"Your dog doesn’t care a fig whether his food has appeared on TV, as long as it appears in his bowl.”
The advertising industry attracts some extremely talented and creative people who produce an endless river of entertaining ads.
I sometimes wonder whether they don’t occasionally become so creative they forget they are meant to be selling a product.
One of the most unforgettable ads in the last few decades was the one about the little boy filling his toy car with petrol.
The look on his face as his toy races away was totally charming.
But, while I will remember the ad forever, I can never remember which brand of petrol was being advertised, so that rather negates the whole purpose of the ad, doesn’t it?
Another advertising technique which irritates me is the use of the phrase: “As seen on TV”.
I saw it again on an ad for dog food this week and developed a severe case of the geriatric mutters.
“Why should I buy anything just because it appeared on TV? I see many things on TV and don’t feel the slightest urge to buy them.”
I have seen Jacob Zuma on TV almost daily for the past month and still have not the slightest desire to own him. Or even to share a country with him.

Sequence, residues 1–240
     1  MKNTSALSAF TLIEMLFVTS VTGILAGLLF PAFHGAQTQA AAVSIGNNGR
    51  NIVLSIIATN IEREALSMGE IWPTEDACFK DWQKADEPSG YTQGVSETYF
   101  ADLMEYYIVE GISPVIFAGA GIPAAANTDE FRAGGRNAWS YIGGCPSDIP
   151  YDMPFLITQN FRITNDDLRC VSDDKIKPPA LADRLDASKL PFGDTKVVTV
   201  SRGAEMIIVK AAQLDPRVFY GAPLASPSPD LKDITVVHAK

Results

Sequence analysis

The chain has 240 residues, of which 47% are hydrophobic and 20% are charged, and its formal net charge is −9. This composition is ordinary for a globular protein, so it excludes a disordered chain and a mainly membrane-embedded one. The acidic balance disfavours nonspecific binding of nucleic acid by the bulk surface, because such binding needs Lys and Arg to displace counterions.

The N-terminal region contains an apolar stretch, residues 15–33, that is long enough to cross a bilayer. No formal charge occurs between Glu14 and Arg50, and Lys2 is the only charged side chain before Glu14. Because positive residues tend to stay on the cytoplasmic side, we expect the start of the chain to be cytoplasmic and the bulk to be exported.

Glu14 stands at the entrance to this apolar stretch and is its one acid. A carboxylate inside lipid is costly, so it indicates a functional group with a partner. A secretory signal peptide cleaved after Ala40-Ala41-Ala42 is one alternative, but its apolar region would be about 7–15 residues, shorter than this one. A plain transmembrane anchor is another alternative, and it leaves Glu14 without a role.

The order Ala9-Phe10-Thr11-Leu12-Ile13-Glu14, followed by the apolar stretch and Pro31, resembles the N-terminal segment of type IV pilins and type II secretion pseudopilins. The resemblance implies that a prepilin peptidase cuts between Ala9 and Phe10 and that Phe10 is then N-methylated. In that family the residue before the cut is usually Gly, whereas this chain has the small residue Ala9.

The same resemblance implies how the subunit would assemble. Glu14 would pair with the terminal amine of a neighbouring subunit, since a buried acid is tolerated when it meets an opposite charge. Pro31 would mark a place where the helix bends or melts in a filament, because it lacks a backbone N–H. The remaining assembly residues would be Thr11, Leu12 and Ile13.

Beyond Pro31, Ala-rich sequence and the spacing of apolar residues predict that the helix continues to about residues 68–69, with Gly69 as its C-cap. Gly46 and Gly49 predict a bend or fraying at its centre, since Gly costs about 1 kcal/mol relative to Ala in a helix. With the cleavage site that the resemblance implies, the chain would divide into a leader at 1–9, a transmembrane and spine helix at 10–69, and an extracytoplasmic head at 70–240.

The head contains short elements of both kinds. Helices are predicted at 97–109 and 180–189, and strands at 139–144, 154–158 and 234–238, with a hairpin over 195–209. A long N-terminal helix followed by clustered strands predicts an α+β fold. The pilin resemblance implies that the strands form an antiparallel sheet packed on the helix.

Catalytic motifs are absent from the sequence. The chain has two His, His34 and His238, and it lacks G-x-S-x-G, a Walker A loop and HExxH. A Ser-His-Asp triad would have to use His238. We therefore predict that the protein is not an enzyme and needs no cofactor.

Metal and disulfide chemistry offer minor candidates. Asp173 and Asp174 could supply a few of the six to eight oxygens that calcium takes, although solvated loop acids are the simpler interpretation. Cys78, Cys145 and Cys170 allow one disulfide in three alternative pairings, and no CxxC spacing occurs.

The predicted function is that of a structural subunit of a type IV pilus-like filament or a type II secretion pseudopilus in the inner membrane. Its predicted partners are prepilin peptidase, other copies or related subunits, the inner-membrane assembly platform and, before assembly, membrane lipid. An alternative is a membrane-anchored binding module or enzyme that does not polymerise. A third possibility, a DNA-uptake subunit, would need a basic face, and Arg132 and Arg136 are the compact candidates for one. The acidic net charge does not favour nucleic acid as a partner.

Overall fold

None of the dogs I know would be influenced by a TV ad for dog pellets.
Dogs are not particularly finicky about what they eat but they rely on taste and smell for making a choice, neither of which are present in a TV ad. I don’t think animals associate pictures of food with the real thing.
So it seems pretty silly to tell potential customers: “Buy this brand of dog food because it was seen by humans on a little glass screen.”
Maybe an ad linked to a radio ad would be more effective if the radio ad featured a recording of the noise of a happy dog slobbering over a bowl of “Chewychunks in Grrrravy.”
Fido might cock an ear and make it clear he wants whatever the dog in that little box is having.
Perhaps the purveyors of dog food are so starry-eyed about their favourite TV soapie heroes that they reckon anything on TV must be wonderful.
I only have to point to my comment about JZ to see how ridiculous that is.
Creative directors should be reminded, “Your dog doesn’t care a fig whether his food has appeared on TV, as long as it appears in his bowl.”
The boss decided to show his staff he was just an ordinary nice guy and went over to join a group of people standing chatting round the water cooler.
He told a joke and everybody except Charlie laughed uproariously.
He told another joke and again everybody laughed except Charlie.
“I see you don’t find my jokes funny,” the boss said.
“No, I don’t have to,” Charlie said.
“I’m leaving the company tomorrow.”